A new cyclone prediction model will indicate the severity of a cyclone at least 12 hours in advance
time and again, India's east coast has been battered by storm surges and cyclones. The loss of life and property often runs into millions of rupees. And frequently in the eye of the storm is the meteorological authorities, who are blamed for not flashing the warning signals beforehand.
To make the job of weather forecasters easier, scientists have developed a computer-based cyclone forecasting model that will indicate the severity of an impending cyclone at least 12 hours in advance. This will also help the authorities concerned take measures to minimise losses.
The model was developed by S K Dube of the Centre for Atmospheric Sciences at the Indian Institute of Technology, New Delhi, and his colleagues U C Mohanty, P C Sinha and A D Rao. By using parameters like wind speed, speed of the movement of the cyclones and geographical features of coastal regions, the new model can zero in on any area, says Dube.
It can identify the magnitude of the surge, the most likely areas where the surge is expected to hit and inundation areas up to 10-15 kilometres inside the coast. A surge or rise in sea level due to cyclones is the leading cause of death and damage because the rising wall of water floods large areas. This is a common phenomenon in India's east coast and Bangladesh (PTI Science Service , November 1-15, 1999). For calculation, the model requires satellite data, which can be collected from insat satellites, says Dube. The Indian Meteorological Department (imd) is, at present, testing the operational feasibility of the model for its inclusion in imd 's cyclone warning programme.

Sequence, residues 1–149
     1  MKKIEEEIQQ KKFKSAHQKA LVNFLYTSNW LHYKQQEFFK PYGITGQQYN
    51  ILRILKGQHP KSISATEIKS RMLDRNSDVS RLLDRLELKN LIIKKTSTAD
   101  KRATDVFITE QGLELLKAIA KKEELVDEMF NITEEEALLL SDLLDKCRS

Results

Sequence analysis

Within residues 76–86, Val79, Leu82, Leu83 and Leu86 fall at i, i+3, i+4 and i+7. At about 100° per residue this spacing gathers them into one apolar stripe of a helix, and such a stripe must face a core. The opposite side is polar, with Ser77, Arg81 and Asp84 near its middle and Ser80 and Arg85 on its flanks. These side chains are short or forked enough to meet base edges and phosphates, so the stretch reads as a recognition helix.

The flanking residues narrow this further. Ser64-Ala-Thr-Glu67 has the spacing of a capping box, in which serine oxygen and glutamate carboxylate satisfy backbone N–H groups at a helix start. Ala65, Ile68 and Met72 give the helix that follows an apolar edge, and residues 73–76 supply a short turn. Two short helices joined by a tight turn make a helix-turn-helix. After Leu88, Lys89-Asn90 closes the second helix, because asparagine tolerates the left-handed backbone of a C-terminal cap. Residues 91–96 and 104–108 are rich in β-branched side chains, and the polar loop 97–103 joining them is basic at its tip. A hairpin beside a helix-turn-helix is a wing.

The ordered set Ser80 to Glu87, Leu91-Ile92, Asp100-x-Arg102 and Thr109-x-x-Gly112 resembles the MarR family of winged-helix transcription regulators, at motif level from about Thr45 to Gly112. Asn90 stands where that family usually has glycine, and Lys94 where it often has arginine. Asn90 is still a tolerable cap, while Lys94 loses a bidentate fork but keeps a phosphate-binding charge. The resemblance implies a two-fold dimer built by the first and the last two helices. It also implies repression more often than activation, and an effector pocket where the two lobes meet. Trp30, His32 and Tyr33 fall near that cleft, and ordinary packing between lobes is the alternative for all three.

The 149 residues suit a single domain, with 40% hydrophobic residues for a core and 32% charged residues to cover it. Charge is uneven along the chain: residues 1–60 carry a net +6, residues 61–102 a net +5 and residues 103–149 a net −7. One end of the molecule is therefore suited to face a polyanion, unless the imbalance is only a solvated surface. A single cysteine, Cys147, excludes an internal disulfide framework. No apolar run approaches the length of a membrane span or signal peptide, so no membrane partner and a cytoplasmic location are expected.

Compared to the current methods used by imd for weather forecasting, the computer-based model is more efficient as it can identify the exact areas which are likely to get inundated.
Furthermore, keeping in mind the different topography of different regions, the scientists have developed site-specific versions for seven cyclone-prone regions in the country. "We have prepared storm surge prediction models for Andhra Pradesh, Orissa, West Bengal and Gujarat coasts, which are the four major cyclone-prone coasts in India, says Dube.
The iit team has also developed models for southern Indian peninsula, Sri Lanka, Mynamar and Bangladesh coasts. All models have been calibrated using data recorded in various earlier cyclones, he says.
Meanwhile, the Chennai-based National Institute of Ocean Technology has also developed a surge prediction model, which is claimed to be more efficient than the one developed by the iit scientists in representing the complex geographical features of the coast.
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